MEDIA/PRESS

Scott T. Ditman, CPA/PFS

Scott T. Ditman, CPA/PFS
Scott T. Ditman, a tax partner and Chair, Personal Wealth Services at Berdon LLP, advises high net worth individuals and family/owner-managed business clients on building, preserving, and transferring wealth, estate and income tax issues, and succession and financial planning.
Find me on:

Recent Posts

T&E TALK: Art Donations in Estate Planning — Consider these Three Tips

Posted by Scott T. Ditman, CPA/PFS on Apr 15, 2019 7:00:00 AM

Charitable giving is a key part of estate planning for many people. If you have a collection of valuable art and are charitably minded, consider donating one or more pieces to receive tax deductions. Generally, it’s advantageous to donate appreciated property to avoid capital gains taxes. Because the top federal capital gains rate for art and other “collectibles” is 28%, donating art is particularly effective.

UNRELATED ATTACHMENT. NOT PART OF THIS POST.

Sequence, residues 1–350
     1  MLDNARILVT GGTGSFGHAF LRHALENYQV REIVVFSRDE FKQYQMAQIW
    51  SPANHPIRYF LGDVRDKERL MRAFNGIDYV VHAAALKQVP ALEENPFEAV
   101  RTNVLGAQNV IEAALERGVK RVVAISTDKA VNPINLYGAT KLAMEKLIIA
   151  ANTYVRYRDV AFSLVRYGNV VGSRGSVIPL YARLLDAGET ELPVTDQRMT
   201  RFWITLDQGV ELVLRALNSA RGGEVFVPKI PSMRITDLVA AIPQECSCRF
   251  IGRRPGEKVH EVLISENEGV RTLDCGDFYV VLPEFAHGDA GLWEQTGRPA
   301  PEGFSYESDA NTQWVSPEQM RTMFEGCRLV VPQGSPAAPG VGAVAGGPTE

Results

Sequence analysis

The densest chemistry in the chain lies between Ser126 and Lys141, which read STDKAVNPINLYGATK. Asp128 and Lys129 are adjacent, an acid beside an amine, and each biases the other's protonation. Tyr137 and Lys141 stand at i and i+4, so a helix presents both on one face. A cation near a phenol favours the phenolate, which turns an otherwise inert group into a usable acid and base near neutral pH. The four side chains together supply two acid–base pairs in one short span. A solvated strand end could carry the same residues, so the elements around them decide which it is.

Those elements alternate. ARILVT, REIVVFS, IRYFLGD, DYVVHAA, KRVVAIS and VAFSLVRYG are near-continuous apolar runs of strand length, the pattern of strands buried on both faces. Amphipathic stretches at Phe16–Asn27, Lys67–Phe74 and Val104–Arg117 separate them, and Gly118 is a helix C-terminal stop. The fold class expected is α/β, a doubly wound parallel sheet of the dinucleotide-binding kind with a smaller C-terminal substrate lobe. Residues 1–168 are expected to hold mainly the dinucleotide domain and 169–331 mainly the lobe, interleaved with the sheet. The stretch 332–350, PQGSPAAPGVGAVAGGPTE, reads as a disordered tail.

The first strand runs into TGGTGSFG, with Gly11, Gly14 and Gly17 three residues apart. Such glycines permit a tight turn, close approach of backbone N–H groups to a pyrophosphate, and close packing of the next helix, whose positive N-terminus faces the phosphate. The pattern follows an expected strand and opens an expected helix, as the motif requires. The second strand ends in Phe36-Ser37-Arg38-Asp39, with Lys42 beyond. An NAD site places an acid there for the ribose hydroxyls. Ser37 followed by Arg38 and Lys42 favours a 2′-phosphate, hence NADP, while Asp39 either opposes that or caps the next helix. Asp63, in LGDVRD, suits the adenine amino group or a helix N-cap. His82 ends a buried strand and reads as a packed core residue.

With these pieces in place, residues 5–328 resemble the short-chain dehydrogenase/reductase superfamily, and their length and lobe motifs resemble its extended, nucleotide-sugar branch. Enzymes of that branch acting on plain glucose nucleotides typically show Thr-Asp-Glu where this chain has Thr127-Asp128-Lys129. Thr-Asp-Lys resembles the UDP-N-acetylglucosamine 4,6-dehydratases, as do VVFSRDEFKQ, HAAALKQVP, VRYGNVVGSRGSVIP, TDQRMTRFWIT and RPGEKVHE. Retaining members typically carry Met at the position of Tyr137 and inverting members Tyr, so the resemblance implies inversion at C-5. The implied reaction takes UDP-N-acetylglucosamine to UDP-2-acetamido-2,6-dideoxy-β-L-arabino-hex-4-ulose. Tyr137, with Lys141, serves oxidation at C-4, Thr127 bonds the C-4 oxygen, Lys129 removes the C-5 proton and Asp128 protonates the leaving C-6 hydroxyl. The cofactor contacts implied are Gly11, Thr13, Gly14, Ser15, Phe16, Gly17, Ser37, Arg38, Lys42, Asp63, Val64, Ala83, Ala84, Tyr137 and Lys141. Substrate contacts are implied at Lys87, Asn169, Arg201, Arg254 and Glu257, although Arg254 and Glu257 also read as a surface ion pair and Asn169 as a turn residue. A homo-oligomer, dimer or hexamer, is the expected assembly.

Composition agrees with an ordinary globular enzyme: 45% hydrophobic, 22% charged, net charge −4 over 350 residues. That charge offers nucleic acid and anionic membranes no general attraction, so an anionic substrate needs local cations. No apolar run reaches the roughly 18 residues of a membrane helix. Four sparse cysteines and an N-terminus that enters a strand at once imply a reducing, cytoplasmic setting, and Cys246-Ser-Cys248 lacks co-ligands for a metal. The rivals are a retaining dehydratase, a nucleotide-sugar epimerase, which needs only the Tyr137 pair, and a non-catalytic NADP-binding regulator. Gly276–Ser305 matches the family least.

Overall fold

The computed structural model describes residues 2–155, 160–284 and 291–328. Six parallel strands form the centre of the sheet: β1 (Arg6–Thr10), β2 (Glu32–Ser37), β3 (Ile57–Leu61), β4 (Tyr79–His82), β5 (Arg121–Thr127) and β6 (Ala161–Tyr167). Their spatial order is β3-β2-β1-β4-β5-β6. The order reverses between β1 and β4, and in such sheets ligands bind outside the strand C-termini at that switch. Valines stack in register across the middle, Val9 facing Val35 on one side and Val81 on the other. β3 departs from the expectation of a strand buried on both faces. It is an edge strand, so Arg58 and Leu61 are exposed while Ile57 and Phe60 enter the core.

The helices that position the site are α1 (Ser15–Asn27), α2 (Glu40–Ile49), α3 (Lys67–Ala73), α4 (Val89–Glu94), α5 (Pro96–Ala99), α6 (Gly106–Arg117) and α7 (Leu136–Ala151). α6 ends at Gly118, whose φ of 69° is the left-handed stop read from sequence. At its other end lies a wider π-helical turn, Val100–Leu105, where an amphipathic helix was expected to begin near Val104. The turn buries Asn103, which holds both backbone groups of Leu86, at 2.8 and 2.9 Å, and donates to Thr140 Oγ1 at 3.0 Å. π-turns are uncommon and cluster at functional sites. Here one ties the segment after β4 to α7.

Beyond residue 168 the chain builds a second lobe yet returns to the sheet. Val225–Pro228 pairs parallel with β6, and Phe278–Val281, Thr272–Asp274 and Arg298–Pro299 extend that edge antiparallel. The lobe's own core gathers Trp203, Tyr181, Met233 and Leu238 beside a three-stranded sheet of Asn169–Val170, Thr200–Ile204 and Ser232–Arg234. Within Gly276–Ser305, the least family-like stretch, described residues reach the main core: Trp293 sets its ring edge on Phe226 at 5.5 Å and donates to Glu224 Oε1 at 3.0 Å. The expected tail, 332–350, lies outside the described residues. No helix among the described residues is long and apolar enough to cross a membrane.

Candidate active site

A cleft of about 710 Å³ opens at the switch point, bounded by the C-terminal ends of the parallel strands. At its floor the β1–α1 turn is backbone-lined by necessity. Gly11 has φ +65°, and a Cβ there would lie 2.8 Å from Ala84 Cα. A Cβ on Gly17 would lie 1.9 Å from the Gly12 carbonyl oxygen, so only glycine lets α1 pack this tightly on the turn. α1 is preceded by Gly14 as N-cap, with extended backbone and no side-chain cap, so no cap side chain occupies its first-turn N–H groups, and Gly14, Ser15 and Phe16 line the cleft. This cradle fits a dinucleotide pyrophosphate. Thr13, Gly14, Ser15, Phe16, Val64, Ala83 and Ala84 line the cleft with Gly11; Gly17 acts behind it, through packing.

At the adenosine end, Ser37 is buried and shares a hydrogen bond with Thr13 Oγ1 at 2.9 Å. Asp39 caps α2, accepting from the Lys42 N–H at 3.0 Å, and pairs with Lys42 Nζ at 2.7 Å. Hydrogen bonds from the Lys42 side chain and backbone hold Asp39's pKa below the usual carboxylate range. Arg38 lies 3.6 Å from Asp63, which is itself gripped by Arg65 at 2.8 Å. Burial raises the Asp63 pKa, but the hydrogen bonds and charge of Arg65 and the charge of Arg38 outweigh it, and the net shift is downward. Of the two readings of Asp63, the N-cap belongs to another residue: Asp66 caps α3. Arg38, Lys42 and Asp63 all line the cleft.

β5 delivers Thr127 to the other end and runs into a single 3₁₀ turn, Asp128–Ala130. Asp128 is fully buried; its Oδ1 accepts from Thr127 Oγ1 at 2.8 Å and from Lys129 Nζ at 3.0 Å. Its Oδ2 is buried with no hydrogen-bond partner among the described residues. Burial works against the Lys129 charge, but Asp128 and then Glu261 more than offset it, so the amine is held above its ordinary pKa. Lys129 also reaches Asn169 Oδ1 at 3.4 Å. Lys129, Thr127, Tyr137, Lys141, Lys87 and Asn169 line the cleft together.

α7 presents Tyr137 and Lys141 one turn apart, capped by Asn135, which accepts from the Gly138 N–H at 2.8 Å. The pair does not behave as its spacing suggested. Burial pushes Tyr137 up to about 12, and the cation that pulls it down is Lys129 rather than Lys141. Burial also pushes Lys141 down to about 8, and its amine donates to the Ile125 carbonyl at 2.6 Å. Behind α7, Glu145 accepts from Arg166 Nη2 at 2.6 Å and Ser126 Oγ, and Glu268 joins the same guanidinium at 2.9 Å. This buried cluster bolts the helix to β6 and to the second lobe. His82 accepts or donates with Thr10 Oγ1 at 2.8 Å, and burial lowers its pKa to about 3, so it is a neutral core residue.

Considerations Before Donating

Here are three tips to keep in mind:

  1. Get an Appraisal. Given the subjective nature of art valuation and the potential for abuse, the IRS scrutinizes charitable donations and other transactions involving valuable artwork. Most art donations require a “qualified appraisal” by a “qualified appraiser.” IRS rules contain detailed requirements about the qualifications an appraiser must possess and the contents of an appraisal.
Read More

Topics: T&E TALK

T&E TALK: Unlock the Benefits of your Revocable Trust

Posted by Scott T. Ditman, CPA/PFS on Apr 8, 2019 7:00:00 AM

If your estate plan includes a revocable trust — also known as a “living” trust — it’s critical to ensure that the trust is properly funded. Revocable trusts offer significant benefits, including asset management (in the event you become incapacitated) and probate avoidance. But these benefits aren’t available if you don’t fund the trust.

Funding the Trust